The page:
Both the US and EU are trying to rebuild their chipmaking industries after years of dependence on east Asia. But retraining will be slow, and immigration reform may be a quicker solution
Lawmakers in the US have proposed legislation to help universities train a new generation of semiconductor workers as a global “war for talent” threatens ambitious plans in the US and EU to end east Asian dominance of chipmaking.
Chip plants in the US are behind schedule because of workforce shortages, and even in Taiwan, the global leader in semiconductors, there is a labour squeeze.
After a global shortage of chips in 2021 that disrupted supply chains, including of European carmakers, politicians in both Brussels and Washington have unveiled plans to build up their own manufacturing capabilities and cut dependence on producers in Taiwan and South Korea.
In March, US chipmaker Intel announced an €80 billion investment in foundries and R&D centres in Germany, Ireland, Italy, Poland, Spain and France.
But without the skilled engineers and researchers to support these plants, European and American plans could falter. Earlier this year, it was reported that the first US plant of leading chipmaker Taiwan Semiconductor Manufacturing Co in Arizona was three to six months behind schedule due to labour shortages and COVID-19 infections.
What’s more, “the EU faces an even bigger uphill challenge than the US,” said Jeremy Neufeld, a fellow at the Washington DC-based Institute for Progress (IFP), a think tank hoping to speed up scientific and technology advancement.
“Chip manufacturing tends to be a winner-take-all industry and the EU is behind the US, let alone Asia,” he said. The semiconductor workforce in the EU is roughly 200,000, smaller than the US’s 300,000.
The EU also lacks the US’s leading chip design industry, which can cross-fertilise manufacturing, Neufeld pointed out.
War for talent
Romain Pierredon, a semiconductor industry research analyst at the Paris-based firm AlphaValue, said European chip companies were engaged in a “war for talent” and having to pay ever more to recruit the people they needed. “It’s an increasing burden,” he said.
To help solve this problem in the US, Republican and Democrat lawmakers last week introduced the so called Chipping In act, which would create National Science Foundation awards for universities and non-profit organisations to build more and better microelectronics programmes.
It also proposes traineeships to fund research for students who pursue microelectronics during a masters or doctoral decree. These will be focused on minority-heavy universities. The bill will also better integrate microelectronics into science, technology, engineering, and mathematics degrees.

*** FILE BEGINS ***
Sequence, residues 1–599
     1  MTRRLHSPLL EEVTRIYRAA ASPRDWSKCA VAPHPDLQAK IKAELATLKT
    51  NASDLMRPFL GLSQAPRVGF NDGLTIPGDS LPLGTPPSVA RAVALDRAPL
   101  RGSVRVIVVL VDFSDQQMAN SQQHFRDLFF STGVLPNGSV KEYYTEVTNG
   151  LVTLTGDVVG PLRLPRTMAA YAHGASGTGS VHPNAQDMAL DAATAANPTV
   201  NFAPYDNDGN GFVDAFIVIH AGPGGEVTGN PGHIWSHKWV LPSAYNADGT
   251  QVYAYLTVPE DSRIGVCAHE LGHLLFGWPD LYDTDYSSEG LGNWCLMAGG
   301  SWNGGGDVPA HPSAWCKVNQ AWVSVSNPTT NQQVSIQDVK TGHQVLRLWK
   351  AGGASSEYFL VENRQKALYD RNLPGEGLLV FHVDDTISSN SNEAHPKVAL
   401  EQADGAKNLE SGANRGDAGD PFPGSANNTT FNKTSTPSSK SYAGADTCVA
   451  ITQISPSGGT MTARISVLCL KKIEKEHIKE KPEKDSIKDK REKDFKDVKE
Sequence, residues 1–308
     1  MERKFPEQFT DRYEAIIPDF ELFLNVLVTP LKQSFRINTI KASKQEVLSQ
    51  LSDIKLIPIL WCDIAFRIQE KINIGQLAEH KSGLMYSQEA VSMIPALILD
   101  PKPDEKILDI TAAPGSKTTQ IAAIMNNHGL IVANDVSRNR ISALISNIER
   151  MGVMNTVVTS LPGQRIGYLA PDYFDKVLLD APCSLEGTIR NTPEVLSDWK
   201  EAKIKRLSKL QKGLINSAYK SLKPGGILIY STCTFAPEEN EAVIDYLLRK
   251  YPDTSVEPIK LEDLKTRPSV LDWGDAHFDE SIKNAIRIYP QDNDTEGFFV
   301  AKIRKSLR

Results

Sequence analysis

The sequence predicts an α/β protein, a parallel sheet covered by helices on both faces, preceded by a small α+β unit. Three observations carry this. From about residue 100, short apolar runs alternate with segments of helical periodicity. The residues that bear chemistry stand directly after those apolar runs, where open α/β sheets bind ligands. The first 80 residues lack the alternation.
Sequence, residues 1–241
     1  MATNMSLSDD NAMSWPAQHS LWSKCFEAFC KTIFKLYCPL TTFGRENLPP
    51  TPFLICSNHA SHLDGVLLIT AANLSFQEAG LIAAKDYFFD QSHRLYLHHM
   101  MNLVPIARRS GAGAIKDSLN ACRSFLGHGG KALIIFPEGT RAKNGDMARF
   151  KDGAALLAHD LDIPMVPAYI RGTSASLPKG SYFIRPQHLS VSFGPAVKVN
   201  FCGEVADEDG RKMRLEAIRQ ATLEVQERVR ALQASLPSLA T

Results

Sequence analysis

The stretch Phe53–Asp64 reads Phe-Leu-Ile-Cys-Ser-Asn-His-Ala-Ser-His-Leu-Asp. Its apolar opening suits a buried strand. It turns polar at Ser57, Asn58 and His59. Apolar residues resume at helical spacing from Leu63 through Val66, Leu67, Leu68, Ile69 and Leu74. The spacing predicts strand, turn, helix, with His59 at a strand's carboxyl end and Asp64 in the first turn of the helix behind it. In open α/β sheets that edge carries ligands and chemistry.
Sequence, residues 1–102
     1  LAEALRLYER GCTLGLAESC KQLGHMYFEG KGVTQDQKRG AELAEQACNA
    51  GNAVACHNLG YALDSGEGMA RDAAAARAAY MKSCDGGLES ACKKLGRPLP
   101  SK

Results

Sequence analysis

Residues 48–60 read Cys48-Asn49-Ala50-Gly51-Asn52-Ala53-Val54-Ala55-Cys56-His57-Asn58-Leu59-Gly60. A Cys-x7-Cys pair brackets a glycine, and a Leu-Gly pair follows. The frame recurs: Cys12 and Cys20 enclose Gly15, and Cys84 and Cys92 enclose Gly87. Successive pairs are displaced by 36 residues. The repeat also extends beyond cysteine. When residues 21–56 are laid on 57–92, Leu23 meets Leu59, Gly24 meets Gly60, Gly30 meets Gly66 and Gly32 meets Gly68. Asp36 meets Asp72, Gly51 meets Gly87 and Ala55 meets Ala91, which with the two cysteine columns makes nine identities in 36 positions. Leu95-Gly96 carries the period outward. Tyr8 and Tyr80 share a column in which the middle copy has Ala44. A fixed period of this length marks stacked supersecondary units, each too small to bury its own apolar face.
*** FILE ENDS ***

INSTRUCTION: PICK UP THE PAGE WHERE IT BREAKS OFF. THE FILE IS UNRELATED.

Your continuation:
“To remain competitive on the global stage, we must meet the demands of this growing industry by investing in a technical workforce at our colleges and universities. STEM education is the future,” said Republican representative Mike Waltz in a statement supporting the bill.
There is also a dearth of semiconductor hardware programmes at European universities, said Pierredon. “I’m not aware of any schools that have a specific semiconductor programme,” he said. Instead, the bulk of this “niche” education is happening in Asian countries like Taiwan, South Korea and Singapore.
The proposed European Chips Act, launched earlier this year to boost the EU’s global share of semiconductor production to 20% by the end of the decade, does have a focus on training and attracting talent. “The EU has a limited pool of talent, and lacks a workforce with the necessary skills,” says a working document on the act.
Brussels’ solution is a network of “competence centres” across the EU to train new staff and upskill existing workers.
Separately, in 2020 the EU launched a ‘Pact for Skills’, a partnership among companies, public bodies and other organisations to bolster lifelong learning and anticipate what skills will be needed in the future.
But critics in the US believe that immigration, in addition to more domestic training, is essential to alleviate the workforce shortage.
“Immigration reform should be part of the solution,” said Tsu-Jae King Liu, an electrical engineering professor at the University of California, Berkeley, and a board member at Intel.
Around 40% of high-skilled semiconductor workers in the US were born abroad, with India the most common origin country, followed by China, a 2020 report from the Center for Security and Emerging Technology at Georgetown University found.
“Immigration restrictions are directly at odds with U.S. efforts to secure its supply chains,” it concluded. The number of Americans in semiconductor-related graduate programmes has stagnated since 1990.
“Investing in domestic education and upskilling initiatives is definitely necessary for the long-term health of the workforce but it's a long-term strategy that will not yield dividends within the quick timeline that Congress wants new semiconductor plants to be up and running,” said the IFP’s Neufeld.
The Biden administration has so far failed to pass meaningful immigration reform that would make it easier for high-skilled workers to come to the US.
But earlier this month, lawmakers launched a new effort to speed visa processing for immigrants with a STEM doctoral degree looking to work in a “critical” industry, including semiconductors.